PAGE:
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Thread: Trying a no-sphagnum mix.

  1. #17

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    leewoojin, your mix seems a bit on the chunky side.
    I'd leave out either the coconut husks or the fir bark, or replace one of them with peat
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    Stay chooned in for more! Clint's Avatar
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    Wonder why you guys can't use untreated animal bedding... seems like pine or cedar or aspen or whatever shavings would hold water, drain well, and dry out in a pinch of needed be.

    Personally my favorite mix when I did grow nepenthes was 1/1/1 orchid mix (bark, charcoal and clay rock things)/LFS/perlite with brillo pad on the bottom of the pot.

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    If leewoojin94 can keep the watering up, it sounds like a great mix. That's "if." I could never water enough. You can experiment with mixes more if you have room and start prodcuing rooted cuttings. If that was my mix, I would cut vermiculite and firbark out and use peat and lfs in place of those. Some don't like one or the other of those components.
    Actually, I have never been fond of lava rock either, but I can never get small enough pepples(aquarium stores sell nice small ones for a fortune!)
    It really depends on your growing conditions.
    Try this: start a thread on what everyone's favorite mix is, and see how many responses you get(there has to to be one from the past if you can dig(pun) it up). You will get a ton of combos to that question.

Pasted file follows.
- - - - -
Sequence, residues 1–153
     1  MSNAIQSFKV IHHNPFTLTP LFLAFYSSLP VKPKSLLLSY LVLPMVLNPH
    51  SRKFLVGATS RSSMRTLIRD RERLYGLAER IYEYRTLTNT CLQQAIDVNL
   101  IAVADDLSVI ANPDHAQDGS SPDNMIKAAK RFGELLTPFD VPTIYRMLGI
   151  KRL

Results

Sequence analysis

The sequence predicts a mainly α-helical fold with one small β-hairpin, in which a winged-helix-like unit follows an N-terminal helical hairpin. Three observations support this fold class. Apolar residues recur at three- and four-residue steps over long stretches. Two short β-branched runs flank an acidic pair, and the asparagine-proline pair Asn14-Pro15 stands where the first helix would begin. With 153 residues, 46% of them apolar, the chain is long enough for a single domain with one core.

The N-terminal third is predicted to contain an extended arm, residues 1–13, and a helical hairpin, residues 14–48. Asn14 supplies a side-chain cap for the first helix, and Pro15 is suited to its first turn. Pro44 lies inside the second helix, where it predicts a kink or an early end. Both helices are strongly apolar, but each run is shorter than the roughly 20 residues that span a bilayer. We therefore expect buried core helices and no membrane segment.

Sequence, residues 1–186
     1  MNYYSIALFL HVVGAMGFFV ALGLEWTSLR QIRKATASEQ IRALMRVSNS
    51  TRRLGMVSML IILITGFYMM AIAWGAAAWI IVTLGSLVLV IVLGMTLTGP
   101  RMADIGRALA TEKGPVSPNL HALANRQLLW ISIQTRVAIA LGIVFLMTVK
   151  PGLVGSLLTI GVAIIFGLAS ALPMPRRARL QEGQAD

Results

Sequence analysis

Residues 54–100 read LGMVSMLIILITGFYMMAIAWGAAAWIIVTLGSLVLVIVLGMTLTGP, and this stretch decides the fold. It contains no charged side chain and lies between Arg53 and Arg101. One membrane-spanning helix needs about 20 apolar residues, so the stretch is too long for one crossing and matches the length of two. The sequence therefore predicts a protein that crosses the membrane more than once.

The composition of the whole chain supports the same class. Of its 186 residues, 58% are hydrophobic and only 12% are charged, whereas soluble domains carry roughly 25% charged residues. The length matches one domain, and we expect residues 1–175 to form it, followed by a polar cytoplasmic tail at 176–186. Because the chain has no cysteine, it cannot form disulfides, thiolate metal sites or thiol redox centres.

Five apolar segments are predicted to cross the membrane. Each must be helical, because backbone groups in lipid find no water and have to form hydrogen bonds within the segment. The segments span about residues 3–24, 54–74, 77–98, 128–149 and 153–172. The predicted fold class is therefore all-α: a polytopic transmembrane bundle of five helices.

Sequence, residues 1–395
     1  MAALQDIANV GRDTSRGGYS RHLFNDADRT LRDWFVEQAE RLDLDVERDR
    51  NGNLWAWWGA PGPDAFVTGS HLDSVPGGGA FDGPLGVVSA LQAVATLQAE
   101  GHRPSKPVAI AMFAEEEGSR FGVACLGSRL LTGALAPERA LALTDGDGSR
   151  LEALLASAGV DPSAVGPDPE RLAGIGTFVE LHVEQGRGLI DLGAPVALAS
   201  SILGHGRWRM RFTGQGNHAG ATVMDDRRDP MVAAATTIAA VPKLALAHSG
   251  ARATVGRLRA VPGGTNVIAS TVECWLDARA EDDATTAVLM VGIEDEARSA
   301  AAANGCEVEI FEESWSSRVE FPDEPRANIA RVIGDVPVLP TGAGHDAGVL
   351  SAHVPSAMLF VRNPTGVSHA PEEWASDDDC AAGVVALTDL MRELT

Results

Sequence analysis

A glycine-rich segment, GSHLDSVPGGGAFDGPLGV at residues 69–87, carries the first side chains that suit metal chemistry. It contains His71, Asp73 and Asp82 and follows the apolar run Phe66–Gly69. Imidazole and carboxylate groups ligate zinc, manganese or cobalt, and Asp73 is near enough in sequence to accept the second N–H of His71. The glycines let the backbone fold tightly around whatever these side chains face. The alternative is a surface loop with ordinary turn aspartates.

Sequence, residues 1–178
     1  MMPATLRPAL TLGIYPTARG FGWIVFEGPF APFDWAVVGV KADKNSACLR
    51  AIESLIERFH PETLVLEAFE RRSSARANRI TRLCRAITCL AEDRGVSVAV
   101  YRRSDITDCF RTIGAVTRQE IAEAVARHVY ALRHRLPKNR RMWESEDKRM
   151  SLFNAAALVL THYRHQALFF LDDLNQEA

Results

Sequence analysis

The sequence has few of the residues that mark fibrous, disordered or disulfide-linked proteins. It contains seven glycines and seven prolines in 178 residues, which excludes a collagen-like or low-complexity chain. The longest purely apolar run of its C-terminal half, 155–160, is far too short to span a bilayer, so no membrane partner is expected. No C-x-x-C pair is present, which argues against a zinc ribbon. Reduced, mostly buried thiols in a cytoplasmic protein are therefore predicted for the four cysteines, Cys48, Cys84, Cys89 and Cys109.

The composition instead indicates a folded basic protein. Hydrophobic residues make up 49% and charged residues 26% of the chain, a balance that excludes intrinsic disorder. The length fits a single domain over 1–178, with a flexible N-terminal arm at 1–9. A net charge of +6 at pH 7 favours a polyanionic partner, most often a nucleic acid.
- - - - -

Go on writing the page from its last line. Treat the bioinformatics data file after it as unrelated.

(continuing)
Cheers,

    Joe

    PS JLAP I love your new avatar, lol.

  4. #20
    Stay chooned in for more! Clint's Avatar
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    Thanks, It's so me lol

    If you're looking for small pebbles, buy a bag of Schultz Profile from home depot. It's aquatic plant soil. It's heavier than perlite but still very light. It's inert and only 6 bucks for 10 pounds. I'm crazy about the stuff.

  5. #21

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    that dog is from adult swim!

  6. #22
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    Huh - I just use LFS mixed with Schultz orchid mix (which has bark, pummice, lava rock...all sorts of stuff). Gives chunk, water retention, drainage and air flow (if I use enough of the orchid mix, like with certain highlanders). I have a bag of vermiculite, but I really don't use it....Does it work for neps? I always though it made the soil more basic, and most neps prefer some acidicy....
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  7. #23
    Nepenthes Specialist nepenthes gracilis's Avatar
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    Vermiculite is kind of a buffer for plants which like a touch of nutrients. Vermiculite doesn't have a bunch to offer, but it does give some. I've used it with perlite to germinate seedlings with great results. It kind of hinders algae growth so the seedlings have a more friendly rooting surface.

  8. #24

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    Dustin- you're right about vermiculite helping prevent algae growth. I have ground it up into a powder and top dressed my pots of terrestrial Utrics. with it and I wouldn't get any of that nasty green slime on the soil surface. Worked like a charm.

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